Catherine Ingrassia, Professor and Chair of the English Department
Written by Rivka Swenson, Associate Professor of English
Catherine Ingrassia, Professor of English, is an ideal spotlight figure for the inaugural newsletter of the HRC. As Chair of English, Dr. Ingrassia has enhanced and amplified the visibility, accessibility, and personality of the department with a multi-pronged approach, including: new strategic use of social media; intentional branding (t-shirts, can coolers, stickers, hand-pressed bookmarks, anyone?); improved student experience (social space, food pantry, and more); the development of sixteen new undergraduate courses, a minor in professional writing and editing, a 4+1 masters program, and a Distinguished Majors Program.
But wait, there's more: the larger elegant trifecta in research, teaching, and service that places Dr. Ingrassia at the heart of the humanities at VCU.
Within the College, in addition to previous service as Executive Associate Dean of Research and Graduate Affairs (and, before that, Associate Dean for Academic Affairs), Dr. Ingrassia was fundamental to the creation of the interdisciplinary Ph.D. in Media, Art, and Text (MATX) and to the Humanities Research Center itself. For these efforts and more, Dr. Ingrassia's CHS Distinguished Service Award has been well-earned. In the larger world, Dr. Ingrassia's field-shaping leadership responsibilities have ranged from serving as the Founding President of the International Eliza Haywood Society, to chairing the Modern Language Association's Executive Committee for Restoration and Early Eighteenth-Century English Literature, to acting in editorial and advisory capacities for prestigious journals in her field and subfield such as PMLA, Eighteenth-Century Studies, and Eighteenth-Century Novel.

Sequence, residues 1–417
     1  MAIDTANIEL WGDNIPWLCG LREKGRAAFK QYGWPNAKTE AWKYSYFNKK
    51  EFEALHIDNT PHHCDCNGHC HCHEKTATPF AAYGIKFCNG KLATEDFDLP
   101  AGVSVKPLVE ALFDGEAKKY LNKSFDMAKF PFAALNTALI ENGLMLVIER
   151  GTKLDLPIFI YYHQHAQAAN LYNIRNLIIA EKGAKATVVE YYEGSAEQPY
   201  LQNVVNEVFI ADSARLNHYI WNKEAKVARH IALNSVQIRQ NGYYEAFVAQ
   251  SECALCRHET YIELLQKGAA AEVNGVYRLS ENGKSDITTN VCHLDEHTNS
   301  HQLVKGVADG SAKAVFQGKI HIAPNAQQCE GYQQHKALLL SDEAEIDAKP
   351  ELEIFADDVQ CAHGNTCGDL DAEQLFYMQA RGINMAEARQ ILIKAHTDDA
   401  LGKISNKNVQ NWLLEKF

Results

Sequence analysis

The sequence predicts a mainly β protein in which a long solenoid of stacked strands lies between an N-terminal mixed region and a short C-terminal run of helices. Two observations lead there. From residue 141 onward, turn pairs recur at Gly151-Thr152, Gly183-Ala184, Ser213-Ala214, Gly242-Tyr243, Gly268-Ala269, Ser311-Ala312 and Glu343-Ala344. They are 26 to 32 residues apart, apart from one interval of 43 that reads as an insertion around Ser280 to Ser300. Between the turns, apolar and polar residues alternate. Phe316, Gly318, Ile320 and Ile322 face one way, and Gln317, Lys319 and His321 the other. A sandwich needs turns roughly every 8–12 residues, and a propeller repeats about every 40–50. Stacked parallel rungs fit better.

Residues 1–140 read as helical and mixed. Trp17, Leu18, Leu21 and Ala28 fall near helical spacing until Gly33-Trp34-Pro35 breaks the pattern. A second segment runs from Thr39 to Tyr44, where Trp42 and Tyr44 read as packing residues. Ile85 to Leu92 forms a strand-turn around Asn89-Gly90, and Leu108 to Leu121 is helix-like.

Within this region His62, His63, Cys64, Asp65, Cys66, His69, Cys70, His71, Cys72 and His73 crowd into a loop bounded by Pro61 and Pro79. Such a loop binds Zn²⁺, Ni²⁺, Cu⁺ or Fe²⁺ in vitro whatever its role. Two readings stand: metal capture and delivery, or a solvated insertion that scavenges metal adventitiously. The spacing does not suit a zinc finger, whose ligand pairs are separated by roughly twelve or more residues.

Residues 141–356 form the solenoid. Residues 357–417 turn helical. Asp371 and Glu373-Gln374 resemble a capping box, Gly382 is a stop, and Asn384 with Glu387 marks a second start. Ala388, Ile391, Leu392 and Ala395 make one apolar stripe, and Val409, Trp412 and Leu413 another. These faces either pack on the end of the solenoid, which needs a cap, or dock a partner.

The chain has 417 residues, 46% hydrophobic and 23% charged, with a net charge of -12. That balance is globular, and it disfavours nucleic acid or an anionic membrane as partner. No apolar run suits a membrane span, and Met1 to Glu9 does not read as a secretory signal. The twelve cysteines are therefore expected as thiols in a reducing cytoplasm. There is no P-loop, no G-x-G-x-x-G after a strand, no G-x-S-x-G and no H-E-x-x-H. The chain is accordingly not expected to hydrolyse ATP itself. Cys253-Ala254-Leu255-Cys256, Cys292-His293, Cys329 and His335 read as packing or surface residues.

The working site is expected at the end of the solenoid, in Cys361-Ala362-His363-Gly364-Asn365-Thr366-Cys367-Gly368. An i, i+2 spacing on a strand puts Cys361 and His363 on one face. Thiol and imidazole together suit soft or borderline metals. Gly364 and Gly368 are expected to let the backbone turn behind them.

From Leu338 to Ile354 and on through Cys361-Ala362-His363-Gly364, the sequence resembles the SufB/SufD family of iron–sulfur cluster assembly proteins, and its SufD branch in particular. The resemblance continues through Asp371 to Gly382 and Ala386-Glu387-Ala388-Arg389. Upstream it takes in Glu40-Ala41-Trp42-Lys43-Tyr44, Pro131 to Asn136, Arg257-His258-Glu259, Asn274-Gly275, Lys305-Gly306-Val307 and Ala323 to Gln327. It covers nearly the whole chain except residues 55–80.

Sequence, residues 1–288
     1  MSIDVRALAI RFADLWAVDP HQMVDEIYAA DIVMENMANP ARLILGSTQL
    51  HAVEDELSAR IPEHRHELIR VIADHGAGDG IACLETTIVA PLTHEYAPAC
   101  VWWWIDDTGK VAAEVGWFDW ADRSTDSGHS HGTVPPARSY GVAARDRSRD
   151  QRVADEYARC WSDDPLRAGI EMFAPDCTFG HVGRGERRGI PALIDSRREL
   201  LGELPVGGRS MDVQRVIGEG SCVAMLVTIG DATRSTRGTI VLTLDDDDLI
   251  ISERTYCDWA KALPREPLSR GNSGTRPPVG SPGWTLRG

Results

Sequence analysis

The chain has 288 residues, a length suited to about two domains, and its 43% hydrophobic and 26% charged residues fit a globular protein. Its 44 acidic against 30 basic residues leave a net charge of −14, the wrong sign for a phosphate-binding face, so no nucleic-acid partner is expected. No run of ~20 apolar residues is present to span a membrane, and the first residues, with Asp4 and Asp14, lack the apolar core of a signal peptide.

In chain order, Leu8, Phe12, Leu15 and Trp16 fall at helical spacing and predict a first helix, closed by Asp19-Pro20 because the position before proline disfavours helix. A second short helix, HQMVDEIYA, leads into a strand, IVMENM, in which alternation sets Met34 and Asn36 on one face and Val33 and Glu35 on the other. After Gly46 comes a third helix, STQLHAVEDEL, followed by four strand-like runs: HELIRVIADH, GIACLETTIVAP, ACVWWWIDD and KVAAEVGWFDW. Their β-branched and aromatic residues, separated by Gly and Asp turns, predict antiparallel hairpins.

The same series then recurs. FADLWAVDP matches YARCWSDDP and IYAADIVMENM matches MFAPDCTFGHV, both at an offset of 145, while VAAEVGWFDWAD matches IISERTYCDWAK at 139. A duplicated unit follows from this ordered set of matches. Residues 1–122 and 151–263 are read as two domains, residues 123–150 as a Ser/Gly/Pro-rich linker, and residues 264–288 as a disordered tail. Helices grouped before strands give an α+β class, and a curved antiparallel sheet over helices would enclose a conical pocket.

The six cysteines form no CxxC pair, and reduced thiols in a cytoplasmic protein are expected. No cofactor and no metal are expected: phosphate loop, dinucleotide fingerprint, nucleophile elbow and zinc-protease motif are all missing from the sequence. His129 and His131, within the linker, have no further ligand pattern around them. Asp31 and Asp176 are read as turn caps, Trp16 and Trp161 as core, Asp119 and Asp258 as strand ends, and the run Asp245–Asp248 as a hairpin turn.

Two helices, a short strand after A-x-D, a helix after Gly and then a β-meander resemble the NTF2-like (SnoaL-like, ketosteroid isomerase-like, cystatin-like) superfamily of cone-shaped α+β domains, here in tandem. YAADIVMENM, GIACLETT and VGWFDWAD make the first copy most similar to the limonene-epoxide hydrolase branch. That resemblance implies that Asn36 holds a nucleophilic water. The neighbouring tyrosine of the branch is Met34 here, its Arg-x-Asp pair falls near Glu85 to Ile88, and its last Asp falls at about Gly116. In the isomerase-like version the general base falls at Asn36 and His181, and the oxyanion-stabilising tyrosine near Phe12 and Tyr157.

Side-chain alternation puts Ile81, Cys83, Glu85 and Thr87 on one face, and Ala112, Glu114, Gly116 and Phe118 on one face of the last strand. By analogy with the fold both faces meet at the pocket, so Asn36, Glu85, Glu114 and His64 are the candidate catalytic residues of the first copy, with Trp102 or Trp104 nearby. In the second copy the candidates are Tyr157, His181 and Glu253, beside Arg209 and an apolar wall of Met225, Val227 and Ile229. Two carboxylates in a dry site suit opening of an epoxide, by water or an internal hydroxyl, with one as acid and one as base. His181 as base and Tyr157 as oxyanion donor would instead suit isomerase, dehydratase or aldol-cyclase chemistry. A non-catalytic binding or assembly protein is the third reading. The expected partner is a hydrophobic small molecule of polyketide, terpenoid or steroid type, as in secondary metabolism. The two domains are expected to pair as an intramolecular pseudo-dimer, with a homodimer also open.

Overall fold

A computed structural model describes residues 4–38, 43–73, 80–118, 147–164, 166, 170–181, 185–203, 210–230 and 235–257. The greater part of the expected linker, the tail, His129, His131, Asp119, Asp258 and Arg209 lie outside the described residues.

Dr. Ingrassia's teaching career has been no less illustrious, meriting the highest pedagogy honor bestowed by the American Society for Eighteenth-Century Studies, the Innovative Course Design Competition Award. Happily, invigorating courses on tantalizing topics such as "The Persistence of Pride and Prejudice" and "Cultures of Captivity in the Long Eighteenth Century" have found their way to larger audiences thanks to related publications such as "Teaching Beyond the Heteronormative: Fantomina and Queering Eliza Haywood," "Adaptation and the 'invisible world' of Jane Austen," and "Gendered Dialogues in Satire."
At the same time, Dr. Ingrassia's exemplary research profile serves to inspire her colleagues in English as she leads by example, with dozens of well-placed articles and essays in prominent journals and essay collections. Excitingly, too, her widely-consulted teaching edition of Eliza Haywood's Anti-Pamela (the only modern edition of this vital work by one of the two most popular novelists of the early eighteenth century) will soon be followed by a teaching edition of Laetitia Pilkington's Memoirs. This is lucky for Pilkington; the wide circulation of Dr. Ingrassia's earlier edition on Haywood has contributed to securing Haywood's tremendous legacy in the classroom and the larger scholarly arena. Similarly, the edition of Pilkington will be the first modern teachable edition of a figure who deserves ample recognition as, in Dr. Ingrassia's words, "one of the most vivid chroniclers of the mid-eighteenth-century London literary marketplace."